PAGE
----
The unusual new Neotropical genus Exalla is described and illustrated, along with three new species, E. browni, E. macalpinei, and E. shewelli. A key to the species is provided. The species are known from wet montane rainforest habitats in Colombia and Ecuador at elevations above 1500 m.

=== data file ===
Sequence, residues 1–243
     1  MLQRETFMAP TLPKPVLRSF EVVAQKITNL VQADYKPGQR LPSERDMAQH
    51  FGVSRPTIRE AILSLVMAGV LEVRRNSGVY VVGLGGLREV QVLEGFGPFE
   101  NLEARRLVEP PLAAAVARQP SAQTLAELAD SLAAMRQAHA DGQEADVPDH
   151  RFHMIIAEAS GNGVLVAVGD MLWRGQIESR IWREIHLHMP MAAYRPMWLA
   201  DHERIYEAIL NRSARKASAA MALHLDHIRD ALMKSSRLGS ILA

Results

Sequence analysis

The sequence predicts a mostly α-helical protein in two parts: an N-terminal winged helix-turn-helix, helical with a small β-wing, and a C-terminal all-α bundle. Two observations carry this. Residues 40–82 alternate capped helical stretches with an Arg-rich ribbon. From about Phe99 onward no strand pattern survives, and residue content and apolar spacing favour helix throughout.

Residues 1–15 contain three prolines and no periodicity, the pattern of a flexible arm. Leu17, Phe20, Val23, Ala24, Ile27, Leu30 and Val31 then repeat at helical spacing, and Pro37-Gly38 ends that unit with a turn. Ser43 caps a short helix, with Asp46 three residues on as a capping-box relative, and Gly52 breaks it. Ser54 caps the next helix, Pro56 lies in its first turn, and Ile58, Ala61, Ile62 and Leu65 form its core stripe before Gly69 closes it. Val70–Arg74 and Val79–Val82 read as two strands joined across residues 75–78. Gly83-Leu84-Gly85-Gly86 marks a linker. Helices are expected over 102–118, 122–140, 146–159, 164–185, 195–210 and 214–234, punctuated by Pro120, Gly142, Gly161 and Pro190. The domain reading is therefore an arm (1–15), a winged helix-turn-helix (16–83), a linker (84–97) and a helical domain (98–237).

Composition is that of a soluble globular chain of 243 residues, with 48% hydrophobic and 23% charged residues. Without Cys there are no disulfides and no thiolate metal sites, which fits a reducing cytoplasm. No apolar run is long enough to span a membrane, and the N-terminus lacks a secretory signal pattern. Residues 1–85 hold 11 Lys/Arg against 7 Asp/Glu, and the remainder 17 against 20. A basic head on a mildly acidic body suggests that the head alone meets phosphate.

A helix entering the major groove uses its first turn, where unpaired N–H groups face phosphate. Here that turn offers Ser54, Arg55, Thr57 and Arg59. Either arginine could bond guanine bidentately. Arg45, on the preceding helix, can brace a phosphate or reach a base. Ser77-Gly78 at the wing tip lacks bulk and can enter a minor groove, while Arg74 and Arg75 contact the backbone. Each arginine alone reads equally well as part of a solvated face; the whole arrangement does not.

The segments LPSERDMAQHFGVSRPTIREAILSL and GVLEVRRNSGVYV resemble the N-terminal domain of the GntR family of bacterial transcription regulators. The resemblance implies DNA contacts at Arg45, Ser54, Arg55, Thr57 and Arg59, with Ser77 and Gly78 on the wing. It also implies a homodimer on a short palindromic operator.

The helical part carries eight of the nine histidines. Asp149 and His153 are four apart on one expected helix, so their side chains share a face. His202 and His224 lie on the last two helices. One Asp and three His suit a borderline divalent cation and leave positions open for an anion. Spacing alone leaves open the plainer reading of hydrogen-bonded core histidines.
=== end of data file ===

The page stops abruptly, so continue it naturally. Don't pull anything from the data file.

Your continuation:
Simulium (Simulium) acrotrichum Rubtsov, a black fly from Central Asia, provides a platform for examining the evolutionary relationships of selected species groups in the subgenus Simulium Latreille. The female, male, pupa, and larva of S. acrotrichum are properly associated and morphologically redescribed and illustrated. The banding sequence of the larval polytene chromosomes is compared with that of the Simulium subgeneric standard, from which it differs by nearly 30 fixed rearrangements. Structural and chromosomal features indicate that S. acrotrichum is the sister species of S. flavidum Rubtsov. Simulium acrotrichum can be placed confidently in a group consisting of the S. malyschevi Dorogostaisky, Rubtsov, and Vlasenko and S. reptans (L.) groups, which are part of a larger clade that also includes the S. jenningsi Malloch group. This more inclusive clade is defined chromosomally by a minimum of four fixed inversions, compared with the standard map for the subgenus Simulium. All four inversions are uniquely derived relative to the two selected outgroups, Simulium (Psilozia) vittatum Zetterstedt and Simulium (Boophthora) erythrocephalum (De Geer). The independent monophyly of the S. malyschevi and S. reptans groups, however, cannot be tested without study of additional group members. The problems illustrated by the taxonomic identity and phylogenetic placement of S. acrotrichum argue for an integrated approach to simuliid systematics, drawing from the character stores of morphology, cytology, and molecular biology.